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How a coffee delivery startup got 160 customers one day after launch

Meet Alex Santiago from St. Petersburg, Florida.

Alex has launched several startups and eventually became a CEO of a development agency. He loves to travel around the world, hike in the mountains, and to test his entrepreneurial limits with new product launches.

One of the products was a coffee delivery startup called Baristika.

Alex Santiago

The story told by Alex

Don’t think that this story is about mindblowing success—my coffee delivery startup Baristika was a crazy experiment that cost me $300K. But it also gave me first-hand insight that I later monetized into something greater. Here’s how this roller coaster went.

Baristika screenshot

In 2018, I decided to launch Baristika to deliver coffee to office desks

I built an order-taking platform and partnered with a coffee shop to deliver their coffee to office employees. But it didn’t work out: coffee arrived 30 minutes after ordering, soggy and not energizing at all. I learned my mistakes and defined the key features of a successful coffee delivery:

  • Max 12-minute wait time

  • Keeping the coffee hot is a must

  • In-app ordering for user convenience

In 3 months, we created thermal bags for delivery, opened a ghost kitchen, and built management software.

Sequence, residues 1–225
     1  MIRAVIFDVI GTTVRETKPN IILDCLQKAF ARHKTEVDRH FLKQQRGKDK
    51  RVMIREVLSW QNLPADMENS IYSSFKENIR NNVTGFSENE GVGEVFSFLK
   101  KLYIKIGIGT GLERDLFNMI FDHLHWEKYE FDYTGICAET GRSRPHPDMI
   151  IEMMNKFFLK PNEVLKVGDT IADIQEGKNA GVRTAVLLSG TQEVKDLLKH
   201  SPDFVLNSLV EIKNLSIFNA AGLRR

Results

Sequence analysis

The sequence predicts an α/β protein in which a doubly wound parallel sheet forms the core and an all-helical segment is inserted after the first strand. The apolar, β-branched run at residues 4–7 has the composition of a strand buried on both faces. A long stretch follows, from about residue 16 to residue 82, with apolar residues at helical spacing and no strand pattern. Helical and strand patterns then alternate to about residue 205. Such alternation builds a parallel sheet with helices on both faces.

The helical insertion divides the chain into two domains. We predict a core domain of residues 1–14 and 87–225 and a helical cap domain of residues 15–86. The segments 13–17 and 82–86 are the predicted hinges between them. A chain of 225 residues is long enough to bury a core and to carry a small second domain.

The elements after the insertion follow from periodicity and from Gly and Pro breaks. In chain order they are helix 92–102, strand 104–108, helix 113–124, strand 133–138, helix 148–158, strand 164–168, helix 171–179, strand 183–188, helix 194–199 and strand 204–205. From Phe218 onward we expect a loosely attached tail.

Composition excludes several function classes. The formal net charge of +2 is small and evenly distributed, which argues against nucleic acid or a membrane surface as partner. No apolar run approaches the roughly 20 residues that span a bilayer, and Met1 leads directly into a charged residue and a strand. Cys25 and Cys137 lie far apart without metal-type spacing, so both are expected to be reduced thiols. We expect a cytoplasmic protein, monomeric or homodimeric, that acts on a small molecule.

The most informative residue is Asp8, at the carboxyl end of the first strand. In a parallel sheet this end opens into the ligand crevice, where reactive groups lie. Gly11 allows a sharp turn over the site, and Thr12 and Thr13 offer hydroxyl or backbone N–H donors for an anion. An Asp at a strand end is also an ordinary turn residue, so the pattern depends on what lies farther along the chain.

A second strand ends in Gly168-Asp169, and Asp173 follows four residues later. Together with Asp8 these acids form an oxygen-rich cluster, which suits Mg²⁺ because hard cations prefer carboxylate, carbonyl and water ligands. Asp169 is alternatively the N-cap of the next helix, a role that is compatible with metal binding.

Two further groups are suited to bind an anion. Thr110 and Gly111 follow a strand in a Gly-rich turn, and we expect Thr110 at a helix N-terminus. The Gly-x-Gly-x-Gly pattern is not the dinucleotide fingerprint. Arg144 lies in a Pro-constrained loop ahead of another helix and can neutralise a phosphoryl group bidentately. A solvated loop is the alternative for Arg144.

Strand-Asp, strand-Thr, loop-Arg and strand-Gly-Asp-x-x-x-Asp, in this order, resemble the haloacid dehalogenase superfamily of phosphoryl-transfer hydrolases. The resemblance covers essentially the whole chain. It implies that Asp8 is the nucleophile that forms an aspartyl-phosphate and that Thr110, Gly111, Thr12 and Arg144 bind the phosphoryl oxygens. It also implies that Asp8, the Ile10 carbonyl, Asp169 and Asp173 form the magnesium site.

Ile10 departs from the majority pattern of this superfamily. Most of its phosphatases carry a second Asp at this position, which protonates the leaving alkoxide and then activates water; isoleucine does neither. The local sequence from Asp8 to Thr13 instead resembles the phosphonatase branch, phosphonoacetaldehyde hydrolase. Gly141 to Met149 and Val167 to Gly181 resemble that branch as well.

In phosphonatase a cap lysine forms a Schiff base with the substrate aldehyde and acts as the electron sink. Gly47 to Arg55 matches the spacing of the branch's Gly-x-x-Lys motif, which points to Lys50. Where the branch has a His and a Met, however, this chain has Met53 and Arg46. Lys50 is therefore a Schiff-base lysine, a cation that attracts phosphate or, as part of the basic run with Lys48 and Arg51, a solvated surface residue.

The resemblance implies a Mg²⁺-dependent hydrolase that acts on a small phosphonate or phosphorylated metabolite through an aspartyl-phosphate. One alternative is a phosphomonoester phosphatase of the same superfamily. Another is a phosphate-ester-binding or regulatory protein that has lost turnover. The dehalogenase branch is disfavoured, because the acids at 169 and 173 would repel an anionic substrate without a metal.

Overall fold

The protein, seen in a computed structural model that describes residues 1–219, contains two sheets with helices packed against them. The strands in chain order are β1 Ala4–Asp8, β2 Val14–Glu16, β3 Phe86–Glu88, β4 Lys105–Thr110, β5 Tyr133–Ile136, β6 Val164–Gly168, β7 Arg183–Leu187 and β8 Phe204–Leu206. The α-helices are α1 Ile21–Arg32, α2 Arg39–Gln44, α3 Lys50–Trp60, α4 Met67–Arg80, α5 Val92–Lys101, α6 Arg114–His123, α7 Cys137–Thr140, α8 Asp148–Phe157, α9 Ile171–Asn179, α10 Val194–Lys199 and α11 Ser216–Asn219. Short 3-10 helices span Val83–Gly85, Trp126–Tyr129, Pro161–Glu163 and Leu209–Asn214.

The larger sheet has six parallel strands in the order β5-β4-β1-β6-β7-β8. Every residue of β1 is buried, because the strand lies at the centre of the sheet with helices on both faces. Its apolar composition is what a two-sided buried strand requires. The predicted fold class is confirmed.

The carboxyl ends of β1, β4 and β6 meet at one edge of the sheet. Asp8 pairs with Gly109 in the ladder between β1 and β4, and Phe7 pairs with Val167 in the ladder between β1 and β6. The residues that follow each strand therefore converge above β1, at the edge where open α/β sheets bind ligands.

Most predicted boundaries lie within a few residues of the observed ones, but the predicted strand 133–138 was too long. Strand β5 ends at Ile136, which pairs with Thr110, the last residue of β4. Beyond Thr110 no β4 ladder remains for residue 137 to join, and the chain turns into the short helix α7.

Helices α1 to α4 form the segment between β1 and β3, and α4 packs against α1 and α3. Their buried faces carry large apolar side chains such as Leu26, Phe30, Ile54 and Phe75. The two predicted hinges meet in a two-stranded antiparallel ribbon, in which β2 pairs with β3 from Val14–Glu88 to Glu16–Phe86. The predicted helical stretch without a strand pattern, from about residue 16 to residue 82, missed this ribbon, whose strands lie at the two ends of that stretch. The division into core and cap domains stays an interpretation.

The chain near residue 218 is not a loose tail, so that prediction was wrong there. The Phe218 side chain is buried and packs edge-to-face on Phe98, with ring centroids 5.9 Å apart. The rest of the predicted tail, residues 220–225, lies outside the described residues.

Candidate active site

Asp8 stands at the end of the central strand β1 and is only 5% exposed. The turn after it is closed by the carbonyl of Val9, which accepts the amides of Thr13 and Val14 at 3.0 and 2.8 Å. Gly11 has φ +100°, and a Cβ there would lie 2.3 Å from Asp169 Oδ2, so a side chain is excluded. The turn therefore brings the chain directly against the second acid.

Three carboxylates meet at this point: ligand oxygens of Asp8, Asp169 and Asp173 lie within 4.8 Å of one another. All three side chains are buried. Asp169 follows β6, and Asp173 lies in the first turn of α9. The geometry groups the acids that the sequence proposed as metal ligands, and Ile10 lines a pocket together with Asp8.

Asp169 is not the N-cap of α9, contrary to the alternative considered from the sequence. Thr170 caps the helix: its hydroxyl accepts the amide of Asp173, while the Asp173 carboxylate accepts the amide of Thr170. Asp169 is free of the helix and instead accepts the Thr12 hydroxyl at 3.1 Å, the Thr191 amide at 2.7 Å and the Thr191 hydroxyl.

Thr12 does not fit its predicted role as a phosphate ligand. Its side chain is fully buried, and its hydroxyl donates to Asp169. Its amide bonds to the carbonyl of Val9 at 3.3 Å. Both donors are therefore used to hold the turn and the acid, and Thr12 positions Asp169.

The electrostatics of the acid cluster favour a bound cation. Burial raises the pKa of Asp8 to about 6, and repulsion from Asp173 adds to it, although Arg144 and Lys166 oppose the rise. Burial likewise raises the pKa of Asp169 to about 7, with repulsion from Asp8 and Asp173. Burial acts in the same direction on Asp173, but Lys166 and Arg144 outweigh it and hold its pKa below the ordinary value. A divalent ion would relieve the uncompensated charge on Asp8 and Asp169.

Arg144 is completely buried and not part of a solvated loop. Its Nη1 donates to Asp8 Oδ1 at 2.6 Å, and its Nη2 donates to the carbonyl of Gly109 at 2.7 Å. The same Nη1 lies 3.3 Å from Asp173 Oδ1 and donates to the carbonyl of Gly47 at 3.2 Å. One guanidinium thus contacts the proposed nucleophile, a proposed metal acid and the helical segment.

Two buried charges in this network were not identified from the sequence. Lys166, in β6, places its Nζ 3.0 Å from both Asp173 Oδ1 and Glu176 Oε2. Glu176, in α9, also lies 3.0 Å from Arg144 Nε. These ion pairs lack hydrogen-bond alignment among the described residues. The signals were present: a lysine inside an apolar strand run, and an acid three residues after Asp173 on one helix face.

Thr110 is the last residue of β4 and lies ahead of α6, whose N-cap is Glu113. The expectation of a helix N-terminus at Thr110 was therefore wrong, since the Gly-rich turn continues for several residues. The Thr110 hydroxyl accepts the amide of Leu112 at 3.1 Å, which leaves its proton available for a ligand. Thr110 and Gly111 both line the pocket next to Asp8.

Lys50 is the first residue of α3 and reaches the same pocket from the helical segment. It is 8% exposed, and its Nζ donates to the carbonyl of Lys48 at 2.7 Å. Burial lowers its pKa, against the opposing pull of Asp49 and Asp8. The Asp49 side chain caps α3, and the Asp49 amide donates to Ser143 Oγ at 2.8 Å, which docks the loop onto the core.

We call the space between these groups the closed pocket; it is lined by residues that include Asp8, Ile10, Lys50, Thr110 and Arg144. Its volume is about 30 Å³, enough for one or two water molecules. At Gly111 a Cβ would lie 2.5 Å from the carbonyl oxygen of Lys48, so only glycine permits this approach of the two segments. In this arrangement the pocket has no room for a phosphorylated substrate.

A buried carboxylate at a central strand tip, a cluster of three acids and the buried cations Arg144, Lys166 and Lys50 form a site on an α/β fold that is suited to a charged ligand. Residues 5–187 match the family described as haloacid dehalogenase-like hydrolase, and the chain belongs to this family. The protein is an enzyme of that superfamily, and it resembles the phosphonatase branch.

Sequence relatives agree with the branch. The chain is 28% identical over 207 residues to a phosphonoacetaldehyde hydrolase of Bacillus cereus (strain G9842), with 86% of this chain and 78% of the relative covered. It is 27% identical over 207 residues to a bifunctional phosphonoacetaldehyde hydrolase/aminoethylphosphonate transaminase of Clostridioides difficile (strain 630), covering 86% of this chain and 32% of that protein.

The software included customer app and website, barista and courier apps, and an admin panel. Customers made orders in the app, the barista saw it in their app, the admin panel called the courier and they were ready to pick up the drink in 4 minutes. 5 minutes after that, the drink was at the customer’s desk.

On paper, everything looked great.

The three Baristika apps

How it worked

  1. The customer makes an order and pays for it through the website or the mobile app

  2. The ghost kitchen located in the same business center receives the order

  3. The order is ready in 4 minutes

  4. The courier delivers the order around the business center within 5-8 minutes

  5. The client receives the freshly brewed coffee to their office desk

Free drinks

We decided to hand out coupons for a free drink to get the first customers.

This marketing strategy took off and we had 160 customers on day 2. The management platform worked like a dream: it ensured a smooth 12-minute workflow and high customer satisfaction. After 2 months, we had 120-160 orders per day and 350 regular customers.

Despite all that, we still weren’t profiting 😕 

Our average order value was low, with customers mainly ordering single drinks. The main struggle was morning peaks and afternoon slowdowns: 60% of the orders were between 9:00 and 11:30 am and about 30% between 3:00 and 5:00 pm. Upselling snacks and running special promotions didn’t help.

After some time of testing hypotheses, we admitted that our business model was flawed.

So, what could I do to fix it?

  1. Test my product hypotheses better instead of doing a blind launch.

  2. Partner with cafes and canteens that run business lunches to get orders during the afternoon slowdowns.

  3. Leverage one thing that worked—the kitchen management software.

I couldn’t realize options #1 and #2, so I went with the last one. And looks like it worked out. We're currently implementing our software in a new e-commerce project, and hoping that it realizes its full potential there.

That is all for now. Any questions, feedback, or advice for Alex? You can find him here:

Or learn more about his coffee journey here